President Biden vowed yesterday to avoid repeating the “mistake” of Agent Orange in determining when rare diseases suffered by veterans are tied to environmental exposures during military service, throwing his support behind expansive legislation aimed at providing more benefits to veterans suffering health problems linked to burn pits.
Throughout the Iraq and Afghan wars, soldiers disposed of waste, including tires, jet fuel and human feces, by burning it in giant holes in the ground that were often as large as football fields. Once alight, the trash released fine particulate matter and other harmful chemicals like dioxin that nearby service members inhaled. The Department of Veterans Affairs estimates some 3.5 million veterans were exposed to the burn pit fumes, and many returned home from war suffering from rare lung diseases and cancers.
Still, the Department of Veterans Affairs was reluctant to acknowledge links between burn pits and health conditions until Biden took office (Greenwire, Nov. 11, 2021). In just the past couple of months, the department has given 13 conditions “presumptive” status, allowing affected veterans and their families to receive health care and after-life benefits (E&E News PM, March 1).
Speaking yesterday before an audience of 150 people, including veterans, Biden likened burn pit exposure during modern wars to Agent Orange exposure during the Vietnam War. The highly toxic defoliant was sprayed over Vietnam’s jungles during that conflict, and decades later was linked to Parkinson’s disease and several forms of cancer, including bladder cancer.
“We learned a horrible lesson after Vietnam because then the veteran had to prove that whatever his problem was, it was directly a consequence of Agent Orange,” said Biden, who as a senator in 1991 co-sponsored legislation that designated a range of health conditions as linked to military exposures. “I refuse to repeat the mistake when it comes to veterans of our Iraq and Afghan wars.”
During his speech, Biden pushed for Congress to pass the “Honoring our PACT Act,” H.R. 3967, which would grant an additional 23 conditions, including rare brain cancers and additional lung diseases, presumptive status.
The bipartisan legislation passed the House last week in a 256-174 vote after Republican leaders, including Minority Leader Kevin McCarthy (R-Calif.), balked at the bill’s $250 billion price tag (E&E News PM, March 3). Veterans groups are pushing for the Senate to take up the “PACT Act,” rather than stick to another bipartisan bill that would only extend the eligibility period for burn-pit related health impacts at the Department of Veterans Affairs from five years after leaving the military to a minimum of 10 years and would not designate additional conditions as presumptive.
“Let’s get those bills to my desk so I can sign them immediately,” Biden said.
He also made strong comments favoring giving veterans the benefit of the doubt that their conditions were linked to environmental exposures.
“We’re following the science in every case, but we’re also not going to force veterans to suffer in limbo for decades,” Biden told the crowd of 150 people, including veterans. Biden said the Department of Veterans Affairs should presume conditions are linked to environmental exposures during military service, even if the science “is evenly divided.”
“When the evidence doesn’t give a decision one way or another, the decision we should favor is caring for our veterans while we continue to learn more. Not waiting,” Biden said, receiving the biggest applause of his speech.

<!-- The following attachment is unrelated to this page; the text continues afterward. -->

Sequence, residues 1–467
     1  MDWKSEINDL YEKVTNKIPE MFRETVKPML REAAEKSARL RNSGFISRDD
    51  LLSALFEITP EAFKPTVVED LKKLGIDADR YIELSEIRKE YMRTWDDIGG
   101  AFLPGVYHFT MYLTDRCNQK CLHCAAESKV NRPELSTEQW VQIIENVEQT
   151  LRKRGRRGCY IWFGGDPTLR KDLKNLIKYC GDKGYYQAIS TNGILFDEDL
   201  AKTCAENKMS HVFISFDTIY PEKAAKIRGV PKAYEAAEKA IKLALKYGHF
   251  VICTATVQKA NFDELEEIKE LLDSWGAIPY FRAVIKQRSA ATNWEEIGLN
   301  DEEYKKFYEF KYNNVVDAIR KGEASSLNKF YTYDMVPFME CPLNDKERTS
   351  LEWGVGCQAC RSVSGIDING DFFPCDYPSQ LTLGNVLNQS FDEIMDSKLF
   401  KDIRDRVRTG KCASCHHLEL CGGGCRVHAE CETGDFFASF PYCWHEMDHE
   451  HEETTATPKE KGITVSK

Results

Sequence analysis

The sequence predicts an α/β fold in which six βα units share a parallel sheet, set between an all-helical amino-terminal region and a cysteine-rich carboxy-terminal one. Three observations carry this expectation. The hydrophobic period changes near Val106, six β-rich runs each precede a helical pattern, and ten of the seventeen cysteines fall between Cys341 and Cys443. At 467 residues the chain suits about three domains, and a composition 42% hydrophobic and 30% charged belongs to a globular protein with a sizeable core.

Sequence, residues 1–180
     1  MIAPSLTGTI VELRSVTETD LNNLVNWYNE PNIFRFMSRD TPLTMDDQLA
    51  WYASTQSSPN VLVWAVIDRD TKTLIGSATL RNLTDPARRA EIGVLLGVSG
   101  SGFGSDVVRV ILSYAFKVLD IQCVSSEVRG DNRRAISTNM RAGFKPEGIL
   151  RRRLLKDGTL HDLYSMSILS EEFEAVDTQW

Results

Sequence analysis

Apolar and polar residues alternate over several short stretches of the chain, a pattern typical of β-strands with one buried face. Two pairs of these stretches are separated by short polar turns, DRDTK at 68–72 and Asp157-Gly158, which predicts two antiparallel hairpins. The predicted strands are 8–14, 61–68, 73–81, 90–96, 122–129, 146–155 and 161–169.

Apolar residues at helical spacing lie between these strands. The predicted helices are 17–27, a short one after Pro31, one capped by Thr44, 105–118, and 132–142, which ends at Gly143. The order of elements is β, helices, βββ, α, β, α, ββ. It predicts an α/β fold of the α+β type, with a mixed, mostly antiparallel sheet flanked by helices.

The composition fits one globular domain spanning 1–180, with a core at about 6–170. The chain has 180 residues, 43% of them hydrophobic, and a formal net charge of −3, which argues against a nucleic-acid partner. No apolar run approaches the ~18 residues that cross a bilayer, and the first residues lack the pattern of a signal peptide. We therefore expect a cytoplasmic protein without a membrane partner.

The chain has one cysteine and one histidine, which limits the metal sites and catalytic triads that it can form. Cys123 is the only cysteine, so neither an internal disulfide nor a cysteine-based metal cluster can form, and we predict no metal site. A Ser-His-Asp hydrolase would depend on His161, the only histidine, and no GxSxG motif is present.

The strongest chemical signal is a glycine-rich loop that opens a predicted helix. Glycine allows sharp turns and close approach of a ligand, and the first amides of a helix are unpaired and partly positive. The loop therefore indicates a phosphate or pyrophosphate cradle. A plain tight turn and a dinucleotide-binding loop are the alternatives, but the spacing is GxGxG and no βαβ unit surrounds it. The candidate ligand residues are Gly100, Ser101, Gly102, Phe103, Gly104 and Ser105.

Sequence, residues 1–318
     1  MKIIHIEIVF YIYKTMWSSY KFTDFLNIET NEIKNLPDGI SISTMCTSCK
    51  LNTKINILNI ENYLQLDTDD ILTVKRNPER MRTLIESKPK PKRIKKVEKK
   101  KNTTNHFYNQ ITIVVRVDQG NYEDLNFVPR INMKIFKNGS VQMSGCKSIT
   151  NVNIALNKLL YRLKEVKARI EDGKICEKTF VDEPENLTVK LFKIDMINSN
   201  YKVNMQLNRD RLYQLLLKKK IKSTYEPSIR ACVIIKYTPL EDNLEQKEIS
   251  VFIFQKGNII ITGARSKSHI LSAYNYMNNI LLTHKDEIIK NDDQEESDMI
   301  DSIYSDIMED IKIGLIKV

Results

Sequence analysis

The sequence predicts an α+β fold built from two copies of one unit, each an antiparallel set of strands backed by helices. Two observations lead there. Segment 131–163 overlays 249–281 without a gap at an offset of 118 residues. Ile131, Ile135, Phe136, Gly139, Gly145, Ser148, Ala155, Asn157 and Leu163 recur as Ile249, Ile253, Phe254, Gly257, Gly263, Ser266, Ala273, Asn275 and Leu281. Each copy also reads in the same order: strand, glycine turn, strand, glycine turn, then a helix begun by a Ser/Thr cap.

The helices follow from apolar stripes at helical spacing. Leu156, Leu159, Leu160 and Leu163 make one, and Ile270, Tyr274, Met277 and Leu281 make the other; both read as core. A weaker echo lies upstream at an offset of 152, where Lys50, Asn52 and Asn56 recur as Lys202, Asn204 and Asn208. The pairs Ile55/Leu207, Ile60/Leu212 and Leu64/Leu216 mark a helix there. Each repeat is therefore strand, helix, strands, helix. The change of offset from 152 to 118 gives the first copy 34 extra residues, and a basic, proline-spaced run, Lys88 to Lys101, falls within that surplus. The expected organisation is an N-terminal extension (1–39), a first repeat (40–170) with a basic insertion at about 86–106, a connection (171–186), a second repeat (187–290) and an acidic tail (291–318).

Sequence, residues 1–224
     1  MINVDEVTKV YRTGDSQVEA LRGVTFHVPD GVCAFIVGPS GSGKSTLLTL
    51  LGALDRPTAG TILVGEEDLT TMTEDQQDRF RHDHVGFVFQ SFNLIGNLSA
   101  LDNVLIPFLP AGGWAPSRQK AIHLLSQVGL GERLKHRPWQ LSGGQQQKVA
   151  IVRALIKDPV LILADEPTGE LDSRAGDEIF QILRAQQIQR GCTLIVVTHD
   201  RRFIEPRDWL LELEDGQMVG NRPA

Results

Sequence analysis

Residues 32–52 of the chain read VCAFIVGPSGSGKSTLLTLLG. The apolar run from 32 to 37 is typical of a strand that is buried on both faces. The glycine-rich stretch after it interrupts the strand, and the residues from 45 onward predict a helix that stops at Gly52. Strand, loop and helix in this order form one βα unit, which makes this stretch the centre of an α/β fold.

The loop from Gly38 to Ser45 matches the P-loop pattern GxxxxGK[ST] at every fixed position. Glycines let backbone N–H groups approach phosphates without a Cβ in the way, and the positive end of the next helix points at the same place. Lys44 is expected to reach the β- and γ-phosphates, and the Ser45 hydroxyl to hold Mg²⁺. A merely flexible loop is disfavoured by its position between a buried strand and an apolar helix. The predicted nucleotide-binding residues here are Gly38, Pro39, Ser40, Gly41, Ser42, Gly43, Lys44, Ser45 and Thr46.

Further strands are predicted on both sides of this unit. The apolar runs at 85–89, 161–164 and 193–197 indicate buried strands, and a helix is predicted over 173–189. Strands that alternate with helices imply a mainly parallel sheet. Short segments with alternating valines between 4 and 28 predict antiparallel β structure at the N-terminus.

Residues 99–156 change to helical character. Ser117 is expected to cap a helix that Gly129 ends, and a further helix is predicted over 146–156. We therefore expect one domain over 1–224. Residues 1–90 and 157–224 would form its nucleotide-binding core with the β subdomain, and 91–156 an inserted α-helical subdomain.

The issue is personal for Biden, whose son Beau died in 2015 of a rare brain cancer. At the State of the Union last week, Biden talked about the role he thought burn pits might have played in his son’s death.
“We don’t know for sure if a burn pit was the cause of his brain cancer or the disease of so many of our troops,” he told the joint session of Congress. “But I’m committed to finding out everything we can.”
Veterans groups that have spent years advocating for more recognition of environmental exposures during military service say Biden’s advocacy is making a difference.
“I’m more optimistic than I have been at any time working on this issue,” said Tom Porter, executive vice president for government affairs at Iraq and Afghanistan Veterans of America, who as been lobbying Congress to pass the “PACT Act.”
Though Biden did not make any new commitments during his remarks yesterday, Porter noted the significance of the president saying that the federal government would err on the side of providing exposed veterans medical care and benefits, even if the science is not yet definitive.
“You’re just not going to find a 100 percent connection to burn pits because it’s not Agent Orange, it’s not just one chemical that people were exposed to,” he said. “The exposures were an infinite amount of chemicals, and there were different mixes of waste at different pits at different bases anywhere we went to war.”
Rosie Torres, who co-founded the group Burn Pits 360 after her husband was denied benefits for constrictive bronchiolitis he attributes to burn pit exposure, agreed that Biden’s speech comes at the right time to hopefully encourage Congress to act.
She appreciated Biden’s support of the “PACT Act,” in particular, because she said giving more conditions “presumptive” status also puts pressure on the Department of Veterans Affairs to develop special clinics and monitoring programs for the diseases.
Torres also said Biden’s remarks and commitment to helping burn pit veterans would have impacts far beyond Capitol Hill.
“The fact that he doesn’t make this about him being president, but about the fact that he lost a son to the same issue that so many veterans are experiencing, it means a lot,” she said. “It begins a healing process for so many who feel like their loved one’s death was in vain. He is saying ‘I hear you, I feel you.’”